Different types of aquatic therapy & their benefits

History of aquatic therapy

           Water therapy has been used for thousands of years throughout the world. Here are the examples for aquatic therapy in history:

  • Ancient Greeks and Romans took bath in hot springs to improve circulation and promote relaxation.    
  • The Greek physician, Hippocrates recommended bathing in spring water as a way to treat sickness.
  • The Great Swiss monks were known to use thermal waters to treat sick or disabled people in their community.
  • Japanese hot springs are said to have medicinal effects that include healing intense chronic pain, treating skin related problems, curing menstrual disorders of female and relieving constipation in old age.
  • The German physicians were firm believers in pediatric water therapy. Water birthing was very popular throughout the areas in Germany during 1960s and 1970s.

Conditions that are benefited by water therapy:

           Water therapy is helpful for clients suffering from the following conditions:

  • Arthritis like osteoarthritis
  • Arthroscopic surgical recovery
  • Autism  Spectrum disorder
  • Bursitis also known as bursa inflammation
  • Cerebral palsy, a developmental disorder
  • Chronic pain/persistent pain
  • Depression , a mood disorder
  • Idiopathic joint pains
  • Joint reconstruction surgical recovery
  • Joint replacement surgical recovery
  • Lower back ache
  • Osteoarthritis(OA)
  • Orthopedic disorders
  • Parkinson’s disease, a progressive disorder
  • Multiple sclerosis(MS)
  • Rheumatoid arthritis(RA)
  • Scoliosis
  • Stress, a mood disorder
  • Spinal cord injuries
  • Sprains and strains of joints
  • Stroke(cerebrovascular accident)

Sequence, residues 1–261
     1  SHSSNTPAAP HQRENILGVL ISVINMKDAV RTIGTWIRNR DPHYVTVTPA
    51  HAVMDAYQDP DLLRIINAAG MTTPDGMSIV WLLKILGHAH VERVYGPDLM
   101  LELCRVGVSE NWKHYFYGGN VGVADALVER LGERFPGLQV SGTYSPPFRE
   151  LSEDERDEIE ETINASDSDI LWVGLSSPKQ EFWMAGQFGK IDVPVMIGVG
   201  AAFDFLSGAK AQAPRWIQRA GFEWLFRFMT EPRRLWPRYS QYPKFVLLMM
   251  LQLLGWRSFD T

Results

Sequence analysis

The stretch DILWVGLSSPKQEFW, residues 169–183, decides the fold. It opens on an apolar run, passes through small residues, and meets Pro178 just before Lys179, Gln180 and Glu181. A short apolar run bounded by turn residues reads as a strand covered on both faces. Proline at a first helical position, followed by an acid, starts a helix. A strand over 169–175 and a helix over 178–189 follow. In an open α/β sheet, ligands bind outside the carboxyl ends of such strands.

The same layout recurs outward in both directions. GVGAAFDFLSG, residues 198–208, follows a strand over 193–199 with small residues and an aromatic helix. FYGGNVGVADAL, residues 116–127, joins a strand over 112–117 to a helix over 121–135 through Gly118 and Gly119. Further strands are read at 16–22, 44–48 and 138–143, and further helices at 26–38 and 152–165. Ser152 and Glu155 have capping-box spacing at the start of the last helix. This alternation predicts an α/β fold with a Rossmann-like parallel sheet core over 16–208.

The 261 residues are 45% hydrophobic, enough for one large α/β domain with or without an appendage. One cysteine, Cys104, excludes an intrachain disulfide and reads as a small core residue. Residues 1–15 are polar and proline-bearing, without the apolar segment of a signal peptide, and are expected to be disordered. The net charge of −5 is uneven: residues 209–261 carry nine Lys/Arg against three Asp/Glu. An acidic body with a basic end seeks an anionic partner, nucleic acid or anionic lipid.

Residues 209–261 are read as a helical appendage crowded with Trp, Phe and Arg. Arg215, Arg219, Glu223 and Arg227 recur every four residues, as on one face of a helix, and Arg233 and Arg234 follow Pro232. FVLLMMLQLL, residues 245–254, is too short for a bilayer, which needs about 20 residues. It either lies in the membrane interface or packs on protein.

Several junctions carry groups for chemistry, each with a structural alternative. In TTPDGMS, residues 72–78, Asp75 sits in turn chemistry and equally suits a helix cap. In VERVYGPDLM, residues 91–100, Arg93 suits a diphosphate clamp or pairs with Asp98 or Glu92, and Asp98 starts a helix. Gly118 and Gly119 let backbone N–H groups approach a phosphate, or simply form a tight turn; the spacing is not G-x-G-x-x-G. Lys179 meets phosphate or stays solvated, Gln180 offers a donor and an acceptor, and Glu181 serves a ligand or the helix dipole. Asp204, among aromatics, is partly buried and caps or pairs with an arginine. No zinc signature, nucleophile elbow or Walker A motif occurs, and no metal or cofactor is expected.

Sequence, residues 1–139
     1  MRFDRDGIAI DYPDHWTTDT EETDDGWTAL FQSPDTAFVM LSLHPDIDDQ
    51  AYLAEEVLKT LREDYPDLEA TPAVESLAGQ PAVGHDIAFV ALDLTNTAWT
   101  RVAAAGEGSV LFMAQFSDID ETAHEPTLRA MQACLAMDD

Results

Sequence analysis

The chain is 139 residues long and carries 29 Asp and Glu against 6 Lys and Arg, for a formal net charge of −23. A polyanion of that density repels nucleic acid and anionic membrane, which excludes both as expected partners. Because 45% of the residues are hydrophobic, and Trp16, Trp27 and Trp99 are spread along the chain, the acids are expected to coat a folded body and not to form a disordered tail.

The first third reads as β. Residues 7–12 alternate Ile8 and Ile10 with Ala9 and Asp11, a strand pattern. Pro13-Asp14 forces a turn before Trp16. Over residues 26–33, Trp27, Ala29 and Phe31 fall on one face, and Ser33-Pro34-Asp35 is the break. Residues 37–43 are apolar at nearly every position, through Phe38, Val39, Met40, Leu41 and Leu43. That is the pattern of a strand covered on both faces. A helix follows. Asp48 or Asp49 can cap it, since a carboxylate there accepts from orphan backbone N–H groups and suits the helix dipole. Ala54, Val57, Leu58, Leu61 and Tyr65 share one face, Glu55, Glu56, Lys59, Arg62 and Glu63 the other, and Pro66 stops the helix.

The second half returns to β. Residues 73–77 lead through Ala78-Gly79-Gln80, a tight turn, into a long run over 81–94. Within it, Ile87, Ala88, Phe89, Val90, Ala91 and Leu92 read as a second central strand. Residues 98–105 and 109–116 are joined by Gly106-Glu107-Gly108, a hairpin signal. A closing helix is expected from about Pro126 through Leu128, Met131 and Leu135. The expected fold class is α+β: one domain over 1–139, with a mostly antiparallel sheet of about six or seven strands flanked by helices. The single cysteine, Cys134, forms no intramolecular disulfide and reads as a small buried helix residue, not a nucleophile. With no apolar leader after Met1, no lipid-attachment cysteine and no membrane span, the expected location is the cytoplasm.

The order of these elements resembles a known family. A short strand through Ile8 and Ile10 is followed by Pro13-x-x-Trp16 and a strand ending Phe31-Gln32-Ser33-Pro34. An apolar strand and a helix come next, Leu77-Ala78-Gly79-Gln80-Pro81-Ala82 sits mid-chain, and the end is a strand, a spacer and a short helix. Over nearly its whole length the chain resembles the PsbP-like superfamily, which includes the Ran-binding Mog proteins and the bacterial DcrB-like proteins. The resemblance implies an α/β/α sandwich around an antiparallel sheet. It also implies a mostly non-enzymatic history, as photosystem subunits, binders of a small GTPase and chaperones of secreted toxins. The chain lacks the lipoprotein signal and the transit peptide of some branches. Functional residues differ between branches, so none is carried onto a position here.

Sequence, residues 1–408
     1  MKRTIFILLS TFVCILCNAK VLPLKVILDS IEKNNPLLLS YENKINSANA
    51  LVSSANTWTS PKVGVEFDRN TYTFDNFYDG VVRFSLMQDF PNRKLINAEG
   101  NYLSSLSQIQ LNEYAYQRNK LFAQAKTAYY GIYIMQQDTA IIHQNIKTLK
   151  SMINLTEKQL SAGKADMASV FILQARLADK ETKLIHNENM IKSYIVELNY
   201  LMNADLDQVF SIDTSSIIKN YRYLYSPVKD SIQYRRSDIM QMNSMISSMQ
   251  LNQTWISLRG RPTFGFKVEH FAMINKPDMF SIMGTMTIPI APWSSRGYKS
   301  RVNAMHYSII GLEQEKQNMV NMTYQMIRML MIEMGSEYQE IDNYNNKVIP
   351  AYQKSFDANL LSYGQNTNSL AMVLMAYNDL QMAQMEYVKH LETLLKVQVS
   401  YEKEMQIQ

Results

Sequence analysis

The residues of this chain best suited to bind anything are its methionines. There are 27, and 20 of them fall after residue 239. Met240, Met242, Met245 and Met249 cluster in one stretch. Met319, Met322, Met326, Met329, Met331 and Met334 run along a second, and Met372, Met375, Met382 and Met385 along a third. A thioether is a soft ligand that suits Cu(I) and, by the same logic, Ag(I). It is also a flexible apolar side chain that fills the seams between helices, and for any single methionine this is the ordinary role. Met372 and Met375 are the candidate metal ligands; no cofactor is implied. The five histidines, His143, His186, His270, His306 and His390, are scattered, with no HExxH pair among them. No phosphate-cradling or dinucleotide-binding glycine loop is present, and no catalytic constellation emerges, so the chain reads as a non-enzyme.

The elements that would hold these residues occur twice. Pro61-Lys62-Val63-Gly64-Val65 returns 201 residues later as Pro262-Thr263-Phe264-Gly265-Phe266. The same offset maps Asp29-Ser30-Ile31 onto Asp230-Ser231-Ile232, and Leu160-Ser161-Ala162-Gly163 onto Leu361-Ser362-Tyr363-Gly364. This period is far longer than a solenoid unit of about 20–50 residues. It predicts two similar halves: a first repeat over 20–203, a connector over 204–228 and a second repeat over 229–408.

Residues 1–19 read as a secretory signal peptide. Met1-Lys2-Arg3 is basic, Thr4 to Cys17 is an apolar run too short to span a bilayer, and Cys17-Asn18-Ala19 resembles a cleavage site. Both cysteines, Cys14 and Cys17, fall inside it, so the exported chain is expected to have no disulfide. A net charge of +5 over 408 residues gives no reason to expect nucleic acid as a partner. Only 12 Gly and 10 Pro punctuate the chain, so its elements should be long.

• Tendonitis/Tendinitis
Aquatic therapy
Aquatic therapy

        People of all age group can enjoy water therapy benefits.

        These are some of the ways by which water’s natural properties create an ideal therapeutic environment:

  • Warm water provides a relaxing, soothing and refreshing environment for aching joints and muscles.
  • Water’s natural viscosity or resistance is used for muscle strengthening and increasing rehabilitation progressions.
  • Buoyancy allows for flotation and reduces the effect of gravity on injured or aching joints and muscles.
  • Hydrostatic pressure helps to support and stabilizes the client, allowing people with balance deficits to perform exercises without a fear of falling, decreases pain and improves cardiovascular return.
  • Turbulence and wave propagation let the therapist to gently manipulate the client through the desired exercises.
  • The respiratory muscles are forced to work harder in the water, providing a natural strength that benefits the client long after the therapy session has ended.

Conditions where aquatic therapy should not be applied:

  • High fever patients
  • Open wounds (unless covered with bio-occlusive dressing), septic wounds.
  • Incontinence of urine
  • Uncontrolled seizure disorder
  • COPD
  • Currently taking medication that would alter cognition
  • Client being pregnant and experiencing complications
  • Chlorine or bromine allergic patients
  • Serious fear for water
  • Clients with Hepatitis A infection.